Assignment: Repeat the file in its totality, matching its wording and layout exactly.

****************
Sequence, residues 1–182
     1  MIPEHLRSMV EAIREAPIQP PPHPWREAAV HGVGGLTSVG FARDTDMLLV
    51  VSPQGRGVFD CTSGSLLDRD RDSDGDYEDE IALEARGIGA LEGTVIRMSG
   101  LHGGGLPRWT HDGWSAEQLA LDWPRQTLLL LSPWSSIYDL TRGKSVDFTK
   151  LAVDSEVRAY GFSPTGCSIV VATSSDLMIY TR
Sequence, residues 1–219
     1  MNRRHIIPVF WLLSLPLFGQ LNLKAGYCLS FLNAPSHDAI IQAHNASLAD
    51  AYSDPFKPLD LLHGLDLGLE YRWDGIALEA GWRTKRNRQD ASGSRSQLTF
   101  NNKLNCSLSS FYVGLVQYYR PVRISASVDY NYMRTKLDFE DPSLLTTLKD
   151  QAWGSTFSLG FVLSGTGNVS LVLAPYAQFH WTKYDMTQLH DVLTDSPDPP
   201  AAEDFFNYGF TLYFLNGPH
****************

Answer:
Sequence, residues 1–182
     1  MIPEHLRSMV EAIREAPIQP PPHPWREAAV HGVGGLTSVG FARDTDMLLV
    51  VSPQGRGVFD CTSGSLLDRD RDSDGDYEDE IALEARGIGA LEGTVIRMSG
   101  LHGGGLPRWT HDGWSAEQLA LDWPRQTLLL LSPWSSIYDL TRGKSVDFTK
   151  LAVDSEVRAY GFSPTGCSIV VATSSDLMIY TR
Sequence, residues 1–219
     1  MNRRHIIPVF WLLSLPLFGQ LNLKAGYCLS FLNAPSHDAI IQAHNASLAD
    51  AYSDPFKPLD LLHGLDLGLE YRWDGIALEA GWRTKRNRQD ASGSRSQLTF
   101  NNKLNCSLSS FYVGLVQYYR PVRISASVDY NYMRTKLDFE DPSLLTTLKD
   151  QAWGSTFSLG FVLSGTGNVS LVLAPYAQFH WTKYDMTQLH DVLTDSPDPP
   201  AAEDFFNYGF TLYFLNGPH